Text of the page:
Be Ready To Reach Out
In addition to having limited recruiting budgets, women’s college lacrosse coaches also have a limited amount of time. Therefore, it’s likely you’ll have to reach out to coaches via letter or email to introduce yourself. Make sure introductory correspondence includes: your position, team, graduation year, school or club team, relevant numbers and stats, your GPA and entrance exam scores, and most importantly, an overview of why you want to attend that coach’s school and what you can bring to the program. Include links to your online profile and highlight the video. Make each message unique to that coach or school and avoid mass emails or form letters. Keep it brief. Include you and your coach’s contact information and send it to let the coach know you’ll be calling soon or to invite them to watch you compete.
Don’t Overlook Academics
Did you know that there are actually more NCAA Division III women’s lacrosse programs (301) than there are in DI, DII, NAIA, and NJCAA combined (292)? That means there are far more scholarship opportunities in DIII, right? Well, right and wrong. NCAA Division III schools don’t offer athletic scholarships, but the majority do offer a good number of academic scholarships. So, to give yourself the best opportunity to play in college, it’s important to keep your grades up.
Even if you’re not considering a DIII school, academics are still hugely important because the odds of landing a full-ride scholarship in DI or DII are slim to none. Remember that women’s lacrosse is an equivalency sport and each program is allotted a limited number of scholarships. For example, most DI women’s LAX teams have 32 players on the roster, but only 12 scholarships. Most coaches will try to mete out pieces of those 12 scholarships to benefit as many players as possible. It’s likely you’ll need additional help covering your college costs. For example, if a coach awards an equal, partial scholarship to every player on the team, each player could receive a scholarship to cover only 37.5% of their tuition. While every coach and scholarship allotment may be different, better grades and demonstrated leadership qualities can qualify you for more academic and merit-based scholarships to help offset your college costs.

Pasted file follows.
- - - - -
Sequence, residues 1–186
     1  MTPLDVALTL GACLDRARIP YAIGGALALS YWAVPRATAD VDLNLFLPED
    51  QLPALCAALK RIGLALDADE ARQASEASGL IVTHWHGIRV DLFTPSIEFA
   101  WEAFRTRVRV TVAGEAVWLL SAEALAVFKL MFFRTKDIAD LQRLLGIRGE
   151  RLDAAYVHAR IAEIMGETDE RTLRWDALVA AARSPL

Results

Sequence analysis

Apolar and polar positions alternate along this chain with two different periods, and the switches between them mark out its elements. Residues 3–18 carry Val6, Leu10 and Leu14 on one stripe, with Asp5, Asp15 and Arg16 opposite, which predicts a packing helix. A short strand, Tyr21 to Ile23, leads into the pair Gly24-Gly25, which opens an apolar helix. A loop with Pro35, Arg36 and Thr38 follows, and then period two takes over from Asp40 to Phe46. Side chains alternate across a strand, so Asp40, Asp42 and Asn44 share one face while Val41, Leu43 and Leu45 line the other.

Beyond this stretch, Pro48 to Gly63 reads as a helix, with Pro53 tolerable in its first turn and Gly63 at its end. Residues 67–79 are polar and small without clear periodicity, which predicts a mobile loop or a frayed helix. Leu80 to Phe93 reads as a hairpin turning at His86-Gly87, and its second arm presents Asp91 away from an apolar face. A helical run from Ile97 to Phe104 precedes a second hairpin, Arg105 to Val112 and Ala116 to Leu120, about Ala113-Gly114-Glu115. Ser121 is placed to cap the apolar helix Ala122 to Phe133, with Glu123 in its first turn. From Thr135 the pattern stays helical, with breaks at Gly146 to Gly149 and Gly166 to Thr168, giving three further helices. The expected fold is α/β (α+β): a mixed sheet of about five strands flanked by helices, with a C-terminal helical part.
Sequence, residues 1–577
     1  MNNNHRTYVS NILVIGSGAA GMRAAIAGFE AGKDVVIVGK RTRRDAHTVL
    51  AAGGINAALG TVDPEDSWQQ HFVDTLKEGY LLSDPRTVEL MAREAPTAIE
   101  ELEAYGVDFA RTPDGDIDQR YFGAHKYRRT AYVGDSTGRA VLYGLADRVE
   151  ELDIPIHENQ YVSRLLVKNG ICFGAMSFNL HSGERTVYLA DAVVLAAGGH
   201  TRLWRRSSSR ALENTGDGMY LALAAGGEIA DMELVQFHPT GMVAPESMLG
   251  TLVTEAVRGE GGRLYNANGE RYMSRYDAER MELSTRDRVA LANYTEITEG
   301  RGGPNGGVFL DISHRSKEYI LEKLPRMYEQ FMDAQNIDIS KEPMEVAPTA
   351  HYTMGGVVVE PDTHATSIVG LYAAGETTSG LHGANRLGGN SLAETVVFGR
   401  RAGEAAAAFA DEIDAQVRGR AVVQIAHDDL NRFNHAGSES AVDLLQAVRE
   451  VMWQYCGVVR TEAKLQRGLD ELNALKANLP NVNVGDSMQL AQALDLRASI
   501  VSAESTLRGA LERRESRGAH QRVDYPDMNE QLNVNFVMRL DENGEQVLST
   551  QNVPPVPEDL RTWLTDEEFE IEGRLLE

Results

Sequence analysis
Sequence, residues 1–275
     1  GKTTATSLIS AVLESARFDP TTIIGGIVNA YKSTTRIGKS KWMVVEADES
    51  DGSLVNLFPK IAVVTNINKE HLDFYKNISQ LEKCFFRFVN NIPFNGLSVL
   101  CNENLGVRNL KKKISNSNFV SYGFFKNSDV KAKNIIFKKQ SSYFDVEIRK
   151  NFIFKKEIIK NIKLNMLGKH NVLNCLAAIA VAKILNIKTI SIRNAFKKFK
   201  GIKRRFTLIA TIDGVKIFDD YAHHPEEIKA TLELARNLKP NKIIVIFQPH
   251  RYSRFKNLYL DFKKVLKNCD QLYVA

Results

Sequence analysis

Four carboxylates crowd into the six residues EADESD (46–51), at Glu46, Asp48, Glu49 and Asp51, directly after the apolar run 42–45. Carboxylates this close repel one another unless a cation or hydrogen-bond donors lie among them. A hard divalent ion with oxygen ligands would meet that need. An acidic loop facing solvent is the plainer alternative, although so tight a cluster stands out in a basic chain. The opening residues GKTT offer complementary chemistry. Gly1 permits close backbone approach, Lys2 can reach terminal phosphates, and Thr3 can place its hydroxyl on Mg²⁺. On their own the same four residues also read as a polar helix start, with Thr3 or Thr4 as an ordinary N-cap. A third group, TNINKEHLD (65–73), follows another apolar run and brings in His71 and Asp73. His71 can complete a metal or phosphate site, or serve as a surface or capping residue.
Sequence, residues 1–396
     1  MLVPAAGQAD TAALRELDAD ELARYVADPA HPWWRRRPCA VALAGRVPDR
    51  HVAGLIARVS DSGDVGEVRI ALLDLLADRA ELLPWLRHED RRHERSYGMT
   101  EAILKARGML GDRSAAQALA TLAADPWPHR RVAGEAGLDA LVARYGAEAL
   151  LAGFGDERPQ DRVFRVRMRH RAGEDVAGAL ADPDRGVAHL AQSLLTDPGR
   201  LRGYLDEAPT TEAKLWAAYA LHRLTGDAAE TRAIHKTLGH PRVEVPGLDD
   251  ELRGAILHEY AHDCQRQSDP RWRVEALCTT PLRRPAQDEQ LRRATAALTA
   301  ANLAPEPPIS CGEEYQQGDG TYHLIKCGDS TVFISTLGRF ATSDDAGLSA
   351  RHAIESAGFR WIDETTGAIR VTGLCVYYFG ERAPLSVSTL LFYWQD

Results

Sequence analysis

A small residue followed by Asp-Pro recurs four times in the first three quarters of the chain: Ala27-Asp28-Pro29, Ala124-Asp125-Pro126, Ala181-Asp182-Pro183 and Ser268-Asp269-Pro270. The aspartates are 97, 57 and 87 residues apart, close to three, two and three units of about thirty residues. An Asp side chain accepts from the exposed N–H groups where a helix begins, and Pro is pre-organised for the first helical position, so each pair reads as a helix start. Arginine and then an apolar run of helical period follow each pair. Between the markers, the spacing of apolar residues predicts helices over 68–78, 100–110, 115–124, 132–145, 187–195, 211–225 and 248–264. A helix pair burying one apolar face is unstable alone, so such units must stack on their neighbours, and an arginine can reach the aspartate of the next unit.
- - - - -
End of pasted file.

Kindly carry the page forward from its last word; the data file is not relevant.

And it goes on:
In addition, while your lacrosse skills may get you on the team, your good grades show coaches you can handle the load in the classroom as well. Finally, the good grades that make you eligible for more academic scholarships allow coaches more flexibility in assembling scholarship packages not only for you but for other players on the team as well. And that can make you more attractive as a recruit.
Women’s college recruiting can be a frustrating, confusing process. But, by keeping your focus on the important elements, you can minimize the stress, enjoy the ride, and find the school that offers you the best fit, on the field and in the classroom.